This blog offers strong insight into the ways values-based leadership translates into effective action and changed outcomes. It’s definitely practical and workable to link core values — essentially the “why” of taking action — to the actions needed or wanted. It’s also interesting to think about the kinds of values used as an example here — learning and caring. In some ways, these words can be values, if we take them at their higher meanings — learning as valuing knowledge or growth, caring as valuing a human bottom line. But at the same time, they’re also actions, and can be understood neutrally (or linked to other values). Perhaps that’s the shift in this human common sense article — values like faith, justice, courage can seem abstract in an organization. But action-based values like learning and caring are easier to link to action-based expectations for employees. Then the requirements of leading and following will feel more authentic to everyone, because they’re something done (embodied) not something said (stuck in the head).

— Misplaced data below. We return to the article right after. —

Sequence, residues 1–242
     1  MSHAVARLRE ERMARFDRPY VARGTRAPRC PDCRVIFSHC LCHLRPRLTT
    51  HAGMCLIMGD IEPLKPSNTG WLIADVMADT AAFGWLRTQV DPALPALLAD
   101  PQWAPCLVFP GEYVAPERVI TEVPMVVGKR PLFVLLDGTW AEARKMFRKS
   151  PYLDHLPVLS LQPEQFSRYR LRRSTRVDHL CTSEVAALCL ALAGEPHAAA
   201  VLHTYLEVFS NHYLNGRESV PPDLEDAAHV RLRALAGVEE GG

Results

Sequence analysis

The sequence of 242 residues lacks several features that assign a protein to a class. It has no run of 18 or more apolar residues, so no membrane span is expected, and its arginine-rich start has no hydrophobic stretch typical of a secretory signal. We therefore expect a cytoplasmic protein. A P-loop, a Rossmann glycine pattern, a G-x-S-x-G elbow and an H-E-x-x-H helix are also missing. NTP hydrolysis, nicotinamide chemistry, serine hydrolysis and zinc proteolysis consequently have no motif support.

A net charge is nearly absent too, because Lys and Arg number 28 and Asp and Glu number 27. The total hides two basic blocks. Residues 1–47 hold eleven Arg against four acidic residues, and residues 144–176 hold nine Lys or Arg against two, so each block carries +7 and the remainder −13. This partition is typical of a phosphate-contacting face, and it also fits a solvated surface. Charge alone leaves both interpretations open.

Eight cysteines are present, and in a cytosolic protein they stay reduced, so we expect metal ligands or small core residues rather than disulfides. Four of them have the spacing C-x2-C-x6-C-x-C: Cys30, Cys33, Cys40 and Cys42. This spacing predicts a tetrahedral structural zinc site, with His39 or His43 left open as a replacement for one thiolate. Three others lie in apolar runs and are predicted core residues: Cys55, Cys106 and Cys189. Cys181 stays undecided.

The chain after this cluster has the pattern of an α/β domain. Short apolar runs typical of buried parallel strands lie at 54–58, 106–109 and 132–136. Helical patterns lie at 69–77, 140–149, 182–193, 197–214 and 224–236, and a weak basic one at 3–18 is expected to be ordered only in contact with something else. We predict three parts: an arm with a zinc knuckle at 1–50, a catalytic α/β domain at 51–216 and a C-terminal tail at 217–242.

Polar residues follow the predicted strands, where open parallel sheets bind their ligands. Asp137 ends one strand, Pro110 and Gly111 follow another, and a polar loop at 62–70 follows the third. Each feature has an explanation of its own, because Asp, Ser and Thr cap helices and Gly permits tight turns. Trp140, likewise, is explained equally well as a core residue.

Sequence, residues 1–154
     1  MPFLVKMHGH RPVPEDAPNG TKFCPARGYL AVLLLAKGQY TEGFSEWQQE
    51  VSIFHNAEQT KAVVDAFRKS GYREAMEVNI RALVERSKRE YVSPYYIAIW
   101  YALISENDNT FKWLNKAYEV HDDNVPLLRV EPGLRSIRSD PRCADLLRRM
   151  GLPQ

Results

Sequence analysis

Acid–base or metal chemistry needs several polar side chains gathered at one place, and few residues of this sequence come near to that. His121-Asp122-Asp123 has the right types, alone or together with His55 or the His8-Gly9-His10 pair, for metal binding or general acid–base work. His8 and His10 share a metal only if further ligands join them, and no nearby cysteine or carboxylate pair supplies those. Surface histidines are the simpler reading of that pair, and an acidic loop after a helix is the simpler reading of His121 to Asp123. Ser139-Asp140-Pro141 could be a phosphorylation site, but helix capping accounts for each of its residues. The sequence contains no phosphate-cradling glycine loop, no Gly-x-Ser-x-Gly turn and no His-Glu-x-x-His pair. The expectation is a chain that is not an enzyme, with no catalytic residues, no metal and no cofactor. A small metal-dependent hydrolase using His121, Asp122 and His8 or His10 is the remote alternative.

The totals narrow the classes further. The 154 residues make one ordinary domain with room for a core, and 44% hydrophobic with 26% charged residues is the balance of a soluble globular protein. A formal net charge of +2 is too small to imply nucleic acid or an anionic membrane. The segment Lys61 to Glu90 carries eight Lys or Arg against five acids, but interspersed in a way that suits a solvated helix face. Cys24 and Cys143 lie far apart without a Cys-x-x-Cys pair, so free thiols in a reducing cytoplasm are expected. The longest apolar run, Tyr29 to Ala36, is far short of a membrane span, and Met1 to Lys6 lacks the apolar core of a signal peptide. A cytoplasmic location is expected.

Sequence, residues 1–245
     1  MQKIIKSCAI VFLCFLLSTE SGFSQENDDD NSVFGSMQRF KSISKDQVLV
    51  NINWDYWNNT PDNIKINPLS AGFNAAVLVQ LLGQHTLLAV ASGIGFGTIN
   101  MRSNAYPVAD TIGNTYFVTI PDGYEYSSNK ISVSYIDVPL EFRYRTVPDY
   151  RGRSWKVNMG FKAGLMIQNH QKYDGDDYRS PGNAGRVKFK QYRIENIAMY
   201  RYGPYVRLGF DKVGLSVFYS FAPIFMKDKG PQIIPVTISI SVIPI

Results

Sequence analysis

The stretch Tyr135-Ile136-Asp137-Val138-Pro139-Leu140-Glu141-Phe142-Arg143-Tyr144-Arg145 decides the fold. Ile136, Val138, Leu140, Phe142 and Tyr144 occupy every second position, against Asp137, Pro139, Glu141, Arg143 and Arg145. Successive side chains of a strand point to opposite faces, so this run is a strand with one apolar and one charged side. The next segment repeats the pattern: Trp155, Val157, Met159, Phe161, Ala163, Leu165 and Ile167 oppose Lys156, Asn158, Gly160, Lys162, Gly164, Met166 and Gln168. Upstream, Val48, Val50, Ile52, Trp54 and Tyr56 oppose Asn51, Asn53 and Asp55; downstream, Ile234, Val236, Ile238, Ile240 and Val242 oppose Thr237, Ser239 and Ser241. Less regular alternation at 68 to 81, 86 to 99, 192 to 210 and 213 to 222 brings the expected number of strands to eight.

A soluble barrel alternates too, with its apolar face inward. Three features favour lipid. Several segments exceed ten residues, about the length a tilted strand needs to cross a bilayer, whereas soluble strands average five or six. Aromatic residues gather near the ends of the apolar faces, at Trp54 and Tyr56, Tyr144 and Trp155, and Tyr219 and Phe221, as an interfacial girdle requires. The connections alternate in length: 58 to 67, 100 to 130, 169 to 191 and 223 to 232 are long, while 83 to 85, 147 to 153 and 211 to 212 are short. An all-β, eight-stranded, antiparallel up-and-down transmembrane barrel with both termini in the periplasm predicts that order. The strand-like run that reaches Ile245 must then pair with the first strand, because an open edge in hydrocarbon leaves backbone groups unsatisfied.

It may feel counterintuitive, but the key to taking action is to shift your focus from the actions on your list to the values linked to those actions.
Let me give you an example of what I mean.
If you were a poor listener, most people would immediately recommend you take a class on developing listening skills. In that class you would learn the behaviors that go into being a better listener. At the end of the day, you would have a much better knowledge of the skills involved in listening—but do you really think you would have addressed the underlying causes of poor listening in the first place? Probably not…
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